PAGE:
Sherry Miller. I met Sherry in Kindergarten. We sat next to each other at the big table, as there were no individual desks in our classroom. We helped each other to hold those Lincoln Log size pencils and crayons, shared our graham crackers, and laid our mats next to each other during nap time. She was smart beyond her years, knowing how to write both her first and last names, while I was struggling to make a legible "M". But I was class mechanic, having torn apart and rebuilt all four classroom Tonka trucks, and thus earned Sherry's undying affection. I think I fell in love with her during our Christmas Pageant that year. She played a mean triangle. The spotlight twinkling off the glitter in the frames of her glasses only added to her allure. She was a goddess.
The following summer we spent most of our days together. She loved playing "road construction" with me, and the ideal setting was under the steps leading to my back porch. The dirt was the perfect consistency for building roads with our collection of trucks and earth-movers. Just moist enough to be cooling in the summer heat, with very few stones to get in the way. So here we were, squatting down, inches from each other in the cool refreshing shade of the porch. I had just completed a main road and Sherry was adding curbs and drainage. We both happened to look up at the same instant, and each caught the others' eye. She smiled and from nowhere I made a subconscious move to take our relationship to the next level. I farted. It raised our eyebrows, and more than a little dust.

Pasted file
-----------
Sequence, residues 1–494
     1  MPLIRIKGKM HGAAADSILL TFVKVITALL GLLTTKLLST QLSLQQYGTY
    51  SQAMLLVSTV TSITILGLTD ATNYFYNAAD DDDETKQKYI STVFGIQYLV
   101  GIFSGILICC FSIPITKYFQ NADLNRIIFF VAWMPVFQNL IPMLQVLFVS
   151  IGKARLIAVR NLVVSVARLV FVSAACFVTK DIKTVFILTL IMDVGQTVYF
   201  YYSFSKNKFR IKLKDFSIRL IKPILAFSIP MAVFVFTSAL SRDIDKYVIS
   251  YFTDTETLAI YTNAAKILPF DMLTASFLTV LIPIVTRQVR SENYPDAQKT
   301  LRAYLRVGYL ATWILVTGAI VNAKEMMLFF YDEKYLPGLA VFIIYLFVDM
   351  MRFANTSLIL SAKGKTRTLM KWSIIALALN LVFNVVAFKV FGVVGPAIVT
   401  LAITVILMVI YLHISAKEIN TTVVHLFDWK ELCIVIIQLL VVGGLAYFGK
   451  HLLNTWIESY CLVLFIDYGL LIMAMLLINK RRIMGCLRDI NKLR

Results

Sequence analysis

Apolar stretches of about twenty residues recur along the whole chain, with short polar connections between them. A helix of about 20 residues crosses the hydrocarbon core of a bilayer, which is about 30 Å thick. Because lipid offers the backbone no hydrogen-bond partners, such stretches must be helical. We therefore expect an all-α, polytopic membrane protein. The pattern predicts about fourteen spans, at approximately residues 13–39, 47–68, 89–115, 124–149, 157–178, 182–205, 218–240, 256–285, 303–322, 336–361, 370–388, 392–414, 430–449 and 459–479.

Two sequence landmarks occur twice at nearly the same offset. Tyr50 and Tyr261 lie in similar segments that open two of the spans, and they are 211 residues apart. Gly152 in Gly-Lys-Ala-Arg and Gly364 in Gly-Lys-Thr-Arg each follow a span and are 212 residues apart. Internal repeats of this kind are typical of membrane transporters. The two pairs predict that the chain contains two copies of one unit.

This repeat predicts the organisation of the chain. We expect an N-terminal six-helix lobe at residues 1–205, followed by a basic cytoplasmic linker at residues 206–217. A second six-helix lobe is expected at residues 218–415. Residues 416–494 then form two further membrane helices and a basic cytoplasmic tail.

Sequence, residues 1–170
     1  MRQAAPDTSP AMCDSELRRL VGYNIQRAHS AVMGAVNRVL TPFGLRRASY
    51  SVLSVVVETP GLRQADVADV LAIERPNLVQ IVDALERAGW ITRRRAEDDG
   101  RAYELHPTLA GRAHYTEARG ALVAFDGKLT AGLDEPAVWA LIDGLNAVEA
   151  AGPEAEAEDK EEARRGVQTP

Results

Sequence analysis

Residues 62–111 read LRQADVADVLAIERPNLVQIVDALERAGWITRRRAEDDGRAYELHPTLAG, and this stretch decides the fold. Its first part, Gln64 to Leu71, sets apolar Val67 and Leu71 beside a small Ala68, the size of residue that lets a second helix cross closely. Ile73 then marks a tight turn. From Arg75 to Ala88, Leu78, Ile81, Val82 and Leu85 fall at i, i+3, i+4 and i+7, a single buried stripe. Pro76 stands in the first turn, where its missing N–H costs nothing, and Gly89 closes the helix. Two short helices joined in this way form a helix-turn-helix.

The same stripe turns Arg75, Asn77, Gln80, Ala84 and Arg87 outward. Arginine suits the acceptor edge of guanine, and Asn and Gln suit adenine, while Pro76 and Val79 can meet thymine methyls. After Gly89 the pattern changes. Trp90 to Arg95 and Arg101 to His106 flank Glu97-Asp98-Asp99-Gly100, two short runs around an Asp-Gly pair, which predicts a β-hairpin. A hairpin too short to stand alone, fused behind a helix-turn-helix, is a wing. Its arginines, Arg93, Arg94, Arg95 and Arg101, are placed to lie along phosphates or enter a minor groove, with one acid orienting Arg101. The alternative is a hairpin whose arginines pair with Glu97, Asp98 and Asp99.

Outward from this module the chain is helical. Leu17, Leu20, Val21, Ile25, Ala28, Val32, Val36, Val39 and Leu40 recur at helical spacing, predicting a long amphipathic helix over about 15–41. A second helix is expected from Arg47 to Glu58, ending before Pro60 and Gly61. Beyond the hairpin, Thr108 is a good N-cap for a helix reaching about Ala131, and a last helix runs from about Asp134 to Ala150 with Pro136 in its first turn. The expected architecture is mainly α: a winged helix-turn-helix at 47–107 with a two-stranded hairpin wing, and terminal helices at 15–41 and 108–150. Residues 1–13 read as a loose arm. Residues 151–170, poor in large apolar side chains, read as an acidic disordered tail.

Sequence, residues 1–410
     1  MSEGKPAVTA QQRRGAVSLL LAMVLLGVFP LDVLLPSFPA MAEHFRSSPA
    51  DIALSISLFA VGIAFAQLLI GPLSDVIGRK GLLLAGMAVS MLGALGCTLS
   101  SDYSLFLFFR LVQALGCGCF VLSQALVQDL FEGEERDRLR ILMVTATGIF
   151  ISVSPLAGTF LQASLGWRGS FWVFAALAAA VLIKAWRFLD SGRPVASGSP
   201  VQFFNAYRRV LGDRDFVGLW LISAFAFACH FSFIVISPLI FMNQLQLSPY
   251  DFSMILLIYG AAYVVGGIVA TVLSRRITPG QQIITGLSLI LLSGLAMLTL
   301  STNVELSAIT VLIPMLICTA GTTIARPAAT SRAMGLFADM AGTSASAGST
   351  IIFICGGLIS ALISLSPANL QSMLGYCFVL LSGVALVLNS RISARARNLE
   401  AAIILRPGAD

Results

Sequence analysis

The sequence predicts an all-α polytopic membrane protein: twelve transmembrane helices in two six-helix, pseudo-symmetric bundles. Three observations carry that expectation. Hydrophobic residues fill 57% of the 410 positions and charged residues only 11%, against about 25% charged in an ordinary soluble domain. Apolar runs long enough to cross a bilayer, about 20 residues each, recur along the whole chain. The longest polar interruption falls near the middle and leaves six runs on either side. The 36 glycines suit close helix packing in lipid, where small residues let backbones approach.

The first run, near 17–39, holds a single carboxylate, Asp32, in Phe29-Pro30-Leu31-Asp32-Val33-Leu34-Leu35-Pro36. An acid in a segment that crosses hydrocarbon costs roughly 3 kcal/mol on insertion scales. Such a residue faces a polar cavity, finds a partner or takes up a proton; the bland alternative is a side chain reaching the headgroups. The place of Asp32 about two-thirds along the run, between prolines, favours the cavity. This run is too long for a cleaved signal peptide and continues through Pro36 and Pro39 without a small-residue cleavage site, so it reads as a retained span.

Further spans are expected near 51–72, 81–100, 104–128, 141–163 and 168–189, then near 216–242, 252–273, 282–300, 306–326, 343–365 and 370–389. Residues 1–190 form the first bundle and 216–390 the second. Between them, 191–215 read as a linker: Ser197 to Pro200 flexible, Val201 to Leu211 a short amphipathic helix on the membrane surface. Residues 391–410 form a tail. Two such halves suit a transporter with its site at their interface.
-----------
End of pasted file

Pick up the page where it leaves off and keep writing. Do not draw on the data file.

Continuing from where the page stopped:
Now this was not your basic, every day, run-of-the-mill rip. No, this was a perfectly rendered playback of the NBC Peacock jingle, exhibiting flawless three chord progression in a smooth melodic flow. It was the epitome of "suave". If Dean Martin were to let one go, it would not have sounded so polished. Sherry was visibly moved, as I detected a tear in her eye. Neither one of us laughed, as would normally have been the case. This was ground-breaking, earth-shaking, and wind-breaking at it's finest. I had achieved greatness, and she was there to bear witness and partake of the glory. Word, with everything else, spread fast. Kids came from three to four houses away to shake my hand and hail me as "gifted". You could almost smell the fame and celebrity in my future. While Ed Sullivan featured countless novelty acts, it was apparent that talent of this caliber was in short supply. Perhaps my Mom could call the Ted Mack Amateur Hour and book an audition. I'd be on my way! However, Moms don't really see eye to eye with six-year-olds concerning show business. Or farts. "That was uncalled for" comes to mind as her response.
No one else in the neighborhood ever came close to matching my prowess with a wind instrument. Oh yeah, there was one kid who claimed to have done a rendition of "Three Blind Mice", but he was exposed as a cheat and a fraud for doing it in three separate toots.
It saddens me to say I never duplicated my moment of glory. I burned up my fifteen minutes of fame way too early in life. At least someone I cared deeply about was there to share. She always knew how to bring out the best in me. Oh, Sherry...